The Press-Dispatch

March 14, 2018

The Press-Dispatch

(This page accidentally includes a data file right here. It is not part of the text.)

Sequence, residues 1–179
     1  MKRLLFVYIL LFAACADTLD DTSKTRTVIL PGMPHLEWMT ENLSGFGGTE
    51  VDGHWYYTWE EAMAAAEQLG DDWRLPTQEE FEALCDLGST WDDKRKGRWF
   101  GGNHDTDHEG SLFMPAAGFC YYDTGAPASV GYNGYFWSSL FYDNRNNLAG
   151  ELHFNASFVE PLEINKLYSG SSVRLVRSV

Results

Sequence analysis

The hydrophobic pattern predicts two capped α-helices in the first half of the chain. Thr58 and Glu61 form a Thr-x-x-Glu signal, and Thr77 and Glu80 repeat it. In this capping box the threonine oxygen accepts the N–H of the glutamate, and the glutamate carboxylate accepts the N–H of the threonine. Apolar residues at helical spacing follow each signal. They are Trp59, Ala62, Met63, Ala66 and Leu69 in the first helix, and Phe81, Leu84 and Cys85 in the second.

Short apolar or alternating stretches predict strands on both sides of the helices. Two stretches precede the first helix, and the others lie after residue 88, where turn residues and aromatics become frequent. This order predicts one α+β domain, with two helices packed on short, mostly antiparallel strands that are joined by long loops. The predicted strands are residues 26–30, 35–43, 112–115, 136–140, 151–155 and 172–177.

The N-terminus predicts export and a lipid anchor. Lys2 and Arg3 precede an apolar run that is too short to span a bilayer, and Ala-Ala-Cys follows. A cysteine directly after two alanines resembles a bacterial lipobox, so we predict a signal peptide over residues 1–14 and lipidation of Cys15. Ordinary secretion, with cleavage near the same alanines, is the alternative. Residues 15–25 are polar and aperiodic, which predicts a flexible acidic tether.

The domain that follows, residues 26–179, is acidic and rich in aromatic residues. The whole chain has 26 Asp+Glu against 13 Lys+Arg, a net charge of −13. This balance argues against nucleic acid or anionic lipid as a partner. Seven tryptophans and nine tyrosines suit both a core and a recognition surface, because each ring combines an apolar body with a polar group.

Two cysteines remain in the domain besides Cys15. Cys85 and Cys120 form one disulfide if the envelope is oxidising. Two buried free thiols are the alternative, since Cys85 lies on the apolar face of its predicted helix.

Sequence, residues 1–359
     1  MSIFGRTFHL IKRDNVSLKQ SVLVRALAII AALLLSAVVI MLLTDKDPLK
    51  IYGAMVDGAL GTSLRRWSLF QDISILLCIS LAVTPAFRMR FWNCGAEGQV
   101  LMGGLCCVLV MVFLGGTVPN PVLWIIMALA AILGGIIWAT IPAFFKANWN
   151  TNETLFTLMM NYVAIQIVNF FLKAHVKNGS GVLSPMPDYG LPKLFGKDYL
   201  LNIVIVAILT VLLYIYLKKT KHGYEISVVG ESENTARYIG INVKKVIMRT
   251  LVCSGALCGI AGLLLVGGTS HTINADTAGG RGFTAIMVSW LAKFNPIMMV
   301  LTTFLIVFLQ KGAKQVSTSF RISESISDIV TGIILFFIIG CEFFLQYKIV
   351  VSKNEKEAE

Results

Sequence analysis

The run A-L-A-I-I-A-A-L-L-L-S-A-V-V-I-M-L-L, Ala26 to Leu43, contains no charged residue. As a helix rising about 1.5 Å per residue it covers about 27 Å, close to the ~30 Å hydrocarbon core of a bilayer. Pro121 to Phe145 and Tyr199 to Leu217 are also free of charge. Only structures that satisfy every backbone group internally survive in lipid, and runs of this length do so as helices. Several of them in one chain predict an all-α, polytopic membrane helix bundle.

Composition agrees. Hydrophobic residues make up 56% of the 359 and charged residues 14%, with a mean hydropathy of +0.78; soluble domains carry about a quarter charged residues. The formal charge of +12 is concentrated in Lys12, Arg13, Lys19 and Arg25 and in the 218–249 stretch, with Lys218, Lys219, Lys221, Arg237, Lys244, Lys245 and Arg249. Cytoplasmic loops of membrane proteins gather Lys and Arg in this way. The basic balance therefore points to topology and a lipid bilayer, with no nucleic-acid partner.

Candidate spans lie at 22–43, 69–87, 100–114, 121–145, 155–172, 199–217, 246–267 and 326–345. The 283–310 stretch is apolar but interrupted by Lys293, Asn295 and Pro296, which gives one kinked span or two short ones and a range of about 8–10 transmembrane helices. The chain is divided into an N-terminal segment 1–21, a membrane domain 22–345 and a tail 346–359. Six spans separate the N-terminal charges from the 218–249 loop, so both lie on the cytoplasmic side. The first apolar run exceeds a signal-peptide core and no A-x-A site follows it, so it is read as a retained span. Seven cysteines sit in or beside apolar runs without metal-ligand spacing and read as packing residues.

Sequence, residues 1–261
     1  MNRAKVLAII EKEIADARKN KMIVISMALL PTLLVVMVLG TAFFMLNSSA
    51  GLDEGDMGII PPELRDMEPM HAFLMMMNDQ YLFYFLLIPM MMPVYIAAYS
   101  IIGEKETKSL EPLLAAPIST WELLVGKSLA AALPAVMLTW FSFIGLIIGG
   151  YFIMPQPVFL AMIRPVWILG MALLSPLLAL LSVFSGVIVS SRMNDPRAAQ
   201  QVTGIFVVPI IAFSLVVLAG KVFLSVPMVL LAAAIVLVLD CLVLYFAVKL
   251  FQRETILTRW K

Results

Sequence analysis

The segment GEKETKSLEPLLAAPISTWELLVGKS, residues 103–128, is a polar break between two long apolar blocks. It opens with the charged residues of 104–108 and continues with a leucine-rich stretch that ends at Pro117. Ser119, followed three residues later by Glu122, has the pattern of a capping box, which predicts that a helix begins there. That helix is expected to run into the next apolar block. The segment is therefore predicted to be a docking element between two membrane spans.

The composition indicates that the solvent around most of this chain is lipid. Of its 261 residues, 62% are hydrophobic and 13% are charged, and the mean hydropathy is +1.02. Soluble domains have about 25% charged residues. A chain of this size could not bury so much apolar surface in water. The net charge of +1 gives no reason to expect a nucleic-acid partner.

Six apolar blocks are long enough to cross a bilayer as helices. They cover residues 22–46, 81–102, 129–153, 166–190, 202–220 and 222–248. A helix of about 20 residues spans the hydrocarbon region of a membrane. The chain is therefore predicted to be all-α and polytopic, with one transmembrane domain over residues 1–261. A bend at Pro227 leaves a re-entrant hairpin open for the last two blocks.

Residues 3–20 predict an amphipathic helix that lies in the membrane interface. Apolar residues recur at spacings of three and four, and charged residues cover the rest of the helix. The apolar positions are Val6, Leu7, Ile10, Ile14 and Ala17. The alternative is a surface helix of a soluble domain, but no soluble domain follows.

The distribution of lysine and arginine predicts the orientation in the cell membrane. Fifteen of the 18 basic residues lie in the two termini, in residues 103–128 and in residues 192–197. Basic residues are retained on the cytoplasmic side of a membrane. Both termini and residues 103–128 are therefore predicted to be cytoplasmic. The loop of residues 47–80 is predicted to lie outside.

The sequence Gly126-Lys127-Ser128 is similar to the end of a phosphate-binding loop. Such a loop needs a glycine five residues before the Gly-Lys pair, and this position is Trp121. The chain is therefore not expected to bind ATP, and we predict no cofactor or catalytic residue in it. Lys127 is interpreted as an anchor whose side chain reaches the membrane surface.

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A-2 Front Wednesday, March 14, 2018 The Press-Dispatch WINSLOW Continued from page 1 MEN March 17 at First Baptist Petersburg; March 24 River of Life Fel- lowship. WOMEN March 17 at Otwell Unit- ed Methodist; March 24 at Sts. Peter and Paul Catholic. Lenten Prayer Breakfast schedule: Saturday, March 17 9 a.m. - 5 p.m. • SALES • Refreshments • Drawings 10% off ANY ITEM if you are wearing green! 50%-75% OFF select Holiday and Everyday items St. Patrick's Day Irish Tea 716 Main St. 812-354-9372 Petersburg Regular Hours: Mon.-Sat. 9-5; Fri. 9-6 "When you care enough to send the very best" Marge's Shop Authentic Irish Music! Free gift with $25 purchase 25TH ANNUAL MOOSE LODGE #1617 Lucky Get 17TH AT THE LIVE MUSIC & DRINK SPECIALS MARCH SATURDAY Starting at 6pm Guest Night Games Prizes 115 Pike Ave, Petersburg • (812)354-9480 ST. PATRICK'S DAY Everyone is welcome! OPEN TO THE PUBLIC! No Cover Charge • Half-Pot License# 144893 to the Petersburg VFW Post 3587. Friday, March 16 Starting at 7:30pm Welcome Back Rodney Watts veteran CORRECTION It was reported in the Feb. 21 edition that a new radar speed check sign was in- stalled near the Hwy. 61 school crossing in Peters- burg, with grants from Duke Energy and REMC. The $4,200 grant, howev- er, was awarded entirely by WIN Energy REMC Com- munity Trust, through their Operation Round-Up pro- gram. COUNCIL Continued from page 1 their out-of-county inmates by 33 percent in 2017, hous- ing inmates for Marion and Vanderburgh counties. Brit- ton said it accrued $425,000 in 2017 and was on pace to be at least that in 2018. Economic Development Director Ashley Willis gave a brief report on the EDC's Annual Plan of Work. She said the plan has seven fo- cus areas: 1) Infrastructure and facilities, 2) Workforce Development, 3) Entrepre- neurial Support, 4) Commu- nity Engagement, 5) Ener- gy and Natural Resources, 6) Marketing and 7) Busi- ness Growth. She highlight- ed each of these areas. The council tabled a re- quest by the Parks and Rec- reation Board to transfer $2,000 from Structure Re- pair into Consulting Fees. No representative from the Parks Board attended the meeting. The council has a rule requiring someone from the department re- questing a transfer to be in attendance to answer ques- tions. Councilman Travis Troutman requested they ta- ble the request. His motion was approved by a 7-0 vote. The next council meeting is scheduled for 8:30 a.m. April 10 in the courthouse auditorium. By Andy Heuring Two men were arrested on dealing meth charges af- ter police conducted a "con- trolled buy" at the Peters- burg Little League Park. Jason E. McMickle, 40, of 3902 W. SR 64, Taswell, and Jason A. Atkins, 40, of 16 E. Second St., Birdseye, were arrested on charges of deal- ing in meth at least one gram and less than five grams, a Level 4 felony; possession of meth, less than five grams; and maintaining a common nuisance. At about 11:10 p.m. Fri- day, Petersburg Police Cpl. Jared Simmons made ar- rangements for a controlled buy of meth. Area police were met by a person who had been searched and then given $200 in $20 bills with recorded serial numbers. They watched that person enter a white Ford minivan, with a Kentucky license plate, which had arrived at the Little League Park on Il- linois St. at about 12:18 a.m. Saturday, March 10. The person exited the van mo- ments later. The van was stopped by Deputies Jason McKinney, Buck Seger and Paul Collier. Police removed McMickle and Atkins from the van and searched them, finding $100 in $20 bills of the buy money in McMick- le's right hand and the same amount of $20 bills of the buy money in Atkins' coat pocket. Cpl. Simmons took two corner baggies off the per- son to whom they had giv- en $200 in cash to make the buy. Those baggies con- tained 1.9 grams of a crys- tal substance that field test- ed positive for meth. According to Cpl. Sim- mons' report, when police questioned Atkins, he said he was in Petersburg to watch movies with a friend. Atkins said the $100 cash he had in his coat pock- et was from cashing his check. Cpl. Sim- mons' report states when police told At- kins the mon- ey was "buy money," At- kins then ad- mitted sell- ing meth. He then said he had only sold one gram. Atkins told police he wasn't going to tell them from where the other gram of meth in the deal came. According to the same report, when police ques- tioned McMickle, he said the $100 in his hand was his money. But when told it was "controlled buy money," he said Atkins gave him the money. McMickle said he was on the phone while in the Lit- tle League Park and Atkins must have been "slick" about it, because he didn't know anything about a drug deal. Both were taken into cus- tody on the dealing and pos- session charges. A Level 4 felony is punish- able by a sentence of two to 12 years in prison. Next week is Severe Weather Preparedness Week in Indiana. It official- ly runs from Sunday, March 18 to Saturday, March 24. Pike County's interim Emergency Management Agency Director Denny Eversole said he urges res- idents to prepare ahead to protect themselves and their loved ones from dan- gerous storms. Historically, southern Indiana has expe- rienced some of the state's worst thunderstorms, torna- does and flooding during the spring months. Pike County EMA sug- gests households break their severe weather prepa- ration into three parts: plan- ning, preparing and practic- ing. PLAN • Purchase a weath- er radio whose label indi- cates that it is "all-hazard" and broadcasts alerts from the National Weather Ser- vice. Look for "NOA A" on the label (National Ocean- ic and Atmospheric Admin- istration). Also look for the SAME Technology desig- nation, which allows the ra- dios to be programmed to specific counties and types of alerts. • Know the difference between watches and warn- ings. A watch indicates a se- riously increased possibility of a thunderstorm or torna- do; a warning indicates that there is a thunderstorm or tornado in the area. • Ensure that household members know which local news media outlets to moni- tor for severe weather alerts, and to take those alerts se- riously. Remember that na- tional cable, satellite or streaming T V services may not carry localized weather alerts. PREPARE • Create a preparedness kit. Include food and water for three days, a first-aid kit, flashlights, batteries, small tools and any other impor- tant items that are needed. • Prune tree limbs and secure outdoor items that could be tossed about by high winds. • Keep cell phones charged, and ensure all household members have several emergency contact numbers of friends and fam- ily members. • Know which neighbors may have disabilities or mo- bility challenges, and be able to direct first respond- ers to those who may need extra help. PRACTICE • Take household mem- bers – quickly but calmly – to the location they would move to in severe weather, ideally a basement. If a base- ment is not available, go to an interior room on the low- est level with no windows. Storm cellars also offer ex- cellent protection. • Practice moving under a sturdy table or desk, or cov- ering up with pillows, blan- kets, coats or a mattress to protect the head and body from flying debris. •Walk through potential evacuation routes, the home and the neighborhood. •Conduct a family drill in which children pretend to call 911 and calmly talk with an emergency dispatcher (a family member or friend can be on the other end of the line, requesting appropriate information). •Participate in the State- wide Tornado Drill on Tues- day, March 20 at 10 :15 a.m. This drill provides a valu- able opportunity for fami- lies, schools and business- es to practice their weather safety action plan. Although flooding came early this year, it is also an issue Hoosiers may en- counter during the spring months. Driving on flooded roadways can often place Hoosiers and emergency re- sponse personnel in unnec- essary danger. Never drive through flooded roadways, even if the water appears shallow. The road may have washed out under the sur- face of the water. For more information on preparing for severe weath- er, visit Spring brings threat of severe weather, flooding Two arrested for dealing meth at Little League park Jason Atkins Jason McMickle the Community Center. The fourth Monday of the month, they will meet at 9 a.m. at the Winslow Town Hall. Coun- cil president Greg Simmons said he had a shift change at work and would be unable to make the night meetings. Originally, the council was going to just meet at 9 a.m., but due to residents' com- plaints about not being able to attend the meetings, they decided to have a meeting in the evenings as well. Councilmen also voted to reduce the percentage of town employees' health in- surance premiums. Brews- ter said when Winslow first began offering health insur- ance, the town paid 75 per- cent of the premium. He said in 2016, the town got a pre- mium reduction, so they in- creased that amount to 85 percent. He said, last year, the town was promised their health insurance premiums would again go down signif- icantly, so the town decid- ed to pay 100 percent. How- ever, they didn't get that re- duced rate. Brewster said they have been told they will probably have a 13 percent increase in the premiums for next year. "So we need to discuss this," said Brewster. Simmons suggested they go back to paying 75 percent of the premium and have the employee pay 25 percent. "I make a motion we do that," said Councilman Terry Stro- bel. Brewster seconded it and they voted 3-0 to ap- prove that change. Councilmen also voted for the third time to disband the town's park board. They had voted at a special meeting in November to disband it. Then, Wednesday they vot- ed 2-1, with Simmons and Strobel voting to disband it, and Brewster against it. They also voted again on the matter with the same vote count to disband it in Mon- day night's meeting. Chris Satterfield had sent a letter to the council in Feb- ruary complaining about the council's vote in the special November meeting. He said proper notice of that meet- ing was not given and the meeting was actually a park board meeting, not a town council meeting. In other business, Debra Lamb, of the Winslow Eco- nomic Development Com- mittee, told the council they are trying to get a bank to locate in Winslow. She said several banks they talked to were not interested. Howev- er, she said a credit union has shown interest in put- ting an ATM in Town Hall. She said they want to meet with local officials and see potential sites. The next Winslow meet- ing is scheduled for 9 a.m. Monday, March 26. By Andy Heuring A driver was arrested af- ter police stopped her for speeding and another driv- er was arrested after police realized his vehicle registra- tion was expired. A Petersburg man was ar- rested early Saturday eve- ning after police stopped him for driving a truck with an expired registration. Thomas Tyler Cannon, 29, of 908 N. Liberty, Petersburg, was arrested by Petersburg Police Cpl. Jared Simmons. Cpl. Simmons said he saw Cannon driving a white GMC pickup he knew to be registered to Cannon's fa- ther and that the registra- tion was expired for more than a year. He stopped Cannon at Fifth and Cedar streets. While talking with Cannon, Cpl. Simmons said he noticed slurred speech, glassy eyes and irregular jaw movements, as well as uncontrolled movements with his hands and arms, which are symptoms of meth intoxication. Cannon failed field so- briety tests and was taken to the Daviess Community Hospital, where he tested positive for methamphet- amine, amphetamine and THC. He was taken to the Pike County Jail and pre- liminarily charged with op- erating a vehicle while intox- icated. A rural Winslow wom- an was arrested early Fri- day morning after police stopped her for speeding in Petersburg. Tamara McCandless, 42, of 3966 S. CR 225 E., Win- slow, was arrested by Cpl. Simmons at 1:40 a.m. Cpl. Simmons said he saw McCandless driving 42 mph in a 30 zone on Highway 61 near Dr. Shoultz's office, and stopped her near the I- 69 overpass. He said when he talked to McCandless, she had ex- tremely jerky hands, arms and head, and she couldn't sit still. She also had irregu- lar jaw movements. She failed field sobriety tests and tested negative for alcohol. McCandless re- fused a chemical test and was transported to the Pike County Jail, where he she was preliminarily charged with operating a vehicle while intoxicated, (refusal) and possession of a sched- ule 4 controlled substance. Simmons' report stated police found a pill identified as Alprazolam in a pill con- tainer. Two arrested on DWI in separate incidents Main St. Dodge City under water River Road in the community known as Dodge City was still under water last Thursday. The White Riv- er was receding from its crest of 25.2 feet earlier last week, which is more than nine feet above the 16-foot stage at Petersburg. Most residents of Dodge City had to evacuate during the worst of the flooding. It al- so caused damage to other sections of River Road. See additional photos on page 6.